• A Mile Wide by Brandon Hatmaker (My husband recommended this one)
  • The Happiness Project by Gretchen Rubin
  • Sleep Smarter by Shawn Stevenson (I have started this but haven’t finished)
  • Uninvited by Lysa TerKerst (I’ve read this but I want to read through it again)
  • Daring Greatly by Brené Browning

Re-reads


When I was teaching, my students were always so excited about summer break because they could re-read some of their favorite books without penalty. I love to re-read my favorites in January and also over the summer. Some of my re-reads this summer will be:

  • The Fixer and The Long Game by Jennifer Lynn Barnes (I LOVED The Long Game but I’ve only read it once.)
  • The Big Over Easy by Jasper Fforde (a nursery rhyme based mystery)
  • StarFleet Academy – The Edge by Rudy Josephs (this is the first in a four book series with the new JJ Abrams cast in mind)
  • Talons of Power by Tui T. Sutherland (this is the most recent Wings of Fire book. I want to read it again before the last book comes out in July)
  • The Amber Photograph by Penelope Stokes (This is one of my comfort books that I read over and over)

New books


Of course, there are all sorts of new releases coming out this summer that I hope to read! If you check out my Book News posts on Mondays this summer, you’ll see some of the ones I am most looking forward to.

 

What are you hoping to read this summer? Do you like a challenge or do you prefer to read whatever comes along?

Wrong Side of the Paw

SATURDAY SMORGASBORD: Fractured Fairy Tales

I have mentioned many times that I love fractured fairy tales. These are the stories that take the well known tales like Cinderella or the Three Pigs and gives them a fresh look or a new twist. I have talked about some of these before when I wrote about the picture books I miss reading to students. Here are some of my favorites for all ages:

The Three Ninja Pigs – This book is perfect. It’s funny, the rhyme scheme is fantastic (not an easy feat), and it takes the basic story and gives it a fun martial arts shake up. My students always loved that it was the girl pig who saved the day in the end.

 

 

The Cat, the Dog, Little Red, the Exploding Eggs, the Wolf and Grandma – A cat is enjoying the story of Red Riding Hood, but the dog has a lot of questions about the story. This would be a fantastic story to turn into a readers theater. It is funny! There’s lots of drama as the cat gets frustrated that the dog just doesn’t get this great story. My students loved this one every time I read it!

 

 

Don’t Read this Book! – One of the things I did as a librarian was a unit on fractured fairy tales where my students and I compared and contrasted different versions of a familiar story. This book was a favorite because it doesn’t come right out and tell the story of the Princess and the Pea. Instead it is about a royal storyteller who has lost the story for the king. The pompous king tells the reader to go away while they retrace their steps to find the story. This is unusual and a lot of fun to read out loud!

 

Ninja-rella – This is one book in a line of graphic novel fractured fairy tales. I picked these up for my students towards the end of my time as a librarian, and the kids almost wore these out. Graphic novels were tremendously popular with my students anyway, but they especially loved the twist on familiar fairy tales. The series is called Far Out Fairy Tales. They published a Goldilocks story and a Sleeping Beauty one back in December 2016. They are releasing some new ones later this year called Far Out Fables. They look very fun!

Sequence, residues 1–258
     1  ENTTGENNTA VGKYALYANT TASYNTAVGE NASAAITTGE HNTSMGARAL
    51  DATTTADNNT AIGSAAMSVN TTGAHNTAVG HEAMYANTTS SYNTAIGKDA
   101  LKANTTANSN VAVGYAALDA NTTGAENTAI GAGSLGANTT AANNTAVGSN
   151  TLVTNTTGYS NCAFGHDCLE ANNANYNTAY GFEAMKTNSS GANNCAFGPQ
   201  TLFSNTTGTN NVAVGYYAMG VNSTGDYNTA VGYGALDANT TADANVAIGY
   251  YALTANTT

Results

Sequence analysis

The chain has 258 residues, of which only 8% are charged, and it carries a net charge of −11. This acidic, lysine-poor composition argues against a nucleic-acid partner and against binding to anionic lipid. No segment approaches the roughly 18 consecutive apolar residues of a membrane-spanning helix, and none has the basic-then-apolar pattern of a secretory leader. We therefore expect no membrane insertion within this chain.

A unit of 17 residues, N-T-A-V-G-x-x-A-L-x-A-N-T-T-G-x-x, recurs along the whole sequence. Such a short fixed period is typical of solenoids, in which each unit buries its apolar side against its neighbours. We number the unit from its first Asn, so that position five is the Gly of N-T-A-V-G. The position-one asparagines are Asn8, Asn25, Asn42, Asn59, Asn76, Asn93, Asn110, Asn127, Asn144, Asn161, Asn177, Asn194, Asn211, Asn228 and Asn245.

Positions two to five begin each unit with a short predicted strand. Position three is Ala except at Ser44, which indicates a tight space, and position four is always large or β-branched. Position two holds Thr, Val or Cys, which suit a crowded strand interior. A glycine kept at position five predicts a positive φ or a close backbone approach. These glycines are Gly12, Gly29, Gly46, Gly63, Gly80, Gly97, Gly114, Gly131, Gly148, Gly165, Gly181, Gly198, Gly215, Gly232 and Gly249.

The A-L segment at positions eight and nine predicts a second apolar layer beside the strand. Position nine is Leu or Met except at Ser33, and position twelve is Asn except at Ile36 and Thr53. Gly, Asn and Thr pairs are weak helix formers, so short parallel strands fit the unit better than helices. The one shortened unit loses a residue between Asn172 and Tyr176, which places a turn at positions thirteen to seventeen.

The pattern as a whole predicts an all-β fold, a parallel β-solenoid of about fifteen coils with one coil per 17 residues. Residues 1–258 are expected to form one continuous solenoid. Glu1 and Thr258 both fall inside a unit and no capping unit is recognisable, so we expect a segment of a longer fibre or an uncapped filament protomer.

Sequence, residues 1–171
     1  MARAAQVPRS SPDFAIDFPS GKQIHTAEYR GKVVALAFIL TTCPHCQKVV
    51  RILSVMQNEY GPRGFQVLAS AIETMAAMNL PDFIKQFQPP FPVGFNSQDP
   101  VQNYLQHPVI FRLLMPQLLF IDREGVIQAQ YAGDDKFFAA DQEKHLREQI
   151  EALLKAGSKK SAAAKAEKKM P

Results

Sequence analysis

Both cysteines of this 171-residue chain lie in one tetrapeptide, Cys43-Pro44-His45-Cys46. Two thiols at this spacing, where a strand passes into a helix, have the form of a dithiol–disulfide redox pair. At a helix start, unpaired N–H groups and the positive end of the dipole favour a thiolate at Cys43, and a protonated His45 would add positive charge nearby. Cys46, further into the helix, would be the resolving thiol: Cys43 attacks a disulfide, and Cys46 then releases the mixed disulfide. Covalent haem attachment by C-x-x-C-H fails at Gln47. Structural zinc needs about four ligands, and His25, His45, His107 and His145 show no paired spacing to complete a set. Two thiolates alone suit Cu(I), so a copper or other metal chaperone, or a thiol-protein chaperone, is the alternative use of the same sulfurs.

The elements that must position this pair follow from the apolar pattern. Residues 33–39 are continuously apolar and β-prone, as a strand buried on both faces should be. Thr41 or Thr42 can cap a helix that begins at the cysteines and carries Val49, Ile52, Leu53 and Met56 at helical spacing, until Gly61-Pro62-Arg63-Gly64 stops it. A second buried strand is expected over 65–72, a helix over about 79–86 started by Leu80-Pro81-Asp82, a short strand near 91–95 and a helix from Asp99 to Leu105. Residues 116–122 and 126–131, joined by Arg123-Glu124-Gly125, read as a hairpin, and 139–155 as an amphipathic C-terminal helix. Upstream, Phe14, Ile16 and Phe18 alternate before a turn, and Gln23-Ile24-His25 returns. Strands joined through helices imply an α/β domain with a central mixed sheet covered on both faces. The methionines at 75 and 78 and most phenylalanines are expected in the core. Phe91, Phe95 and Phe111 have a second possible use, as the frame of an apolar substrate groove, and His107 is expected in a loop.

Hamster Princess: Harriet the Invincible – I adore this middle grade series about a hamster princess who wants to fight dragons and save the day. I reviewed the most recent book in the series, Ratpunzel, here. The next book, Giant Trouble, comes out next week.

 

 

Rump, the True Story of Rumpelstiltskin – This is a terrific take on the story of Rumpelstiltskin. This time Rump is a kid who is trying to overcome an unfortunate name and therefore an unfortunate destiny. This is a fun quest story. The author has also written the true stories of Red Riding Hood and Jack of beanstalk fame.

 

 

The Wide-Awake Princess – I love this series about the sister of Sleeping Beauty. Princess Annie is completely immune to magic. This makes her the perfect person to rescue her kingdom from the sleeping spell or save a prince who has been turned into a bear. The sixth and final book in the series came out this spring. Lots of fractured fairy tales to enjoy in this series!

 

 

The Hero’s Guide to Saving Your Kingdom – This series is hoot! Have you ever noticed that most of the princes in fairy tales are just called “Prince Charming?” Well, in this series you find out that they all are different guys with different names. It’s the singing, story-telling bards who have focused on the princesses and ignored the princes. But this time, the princes are going to be the ones to make a name for themselves when they save the day. There are so many fun twists and surprises in this three book series. I highly recommend them!

 

The Sisters Grimm: Fairy Tale Detectives – This series is celebrating its 10th anniversary with new covers and touched up stories. I read these faithfully when they were first released. If you like a certain TV show about fairy tale characters in the real world, you should check this out. Some of the ideas in the show were in these books first. I’m hoping my library invests in the re-issues so I can read them all again and not miss out on any revisions!

 

 

Cinder (The Lunar Chronicles) – This series for teens takes the stories of Cinderella, Red Riding Hood, Rapunzel and Snow White and sets them in a dystopian future. The main characters are trying to save the Earth from an evil queen from the Moon, Levana. The third book in the series, Cress (the Rapunzel character), is my favorite, but the whole series is solid if you like your fairy tales mashed up with some romance and science fiction (which I totally do!).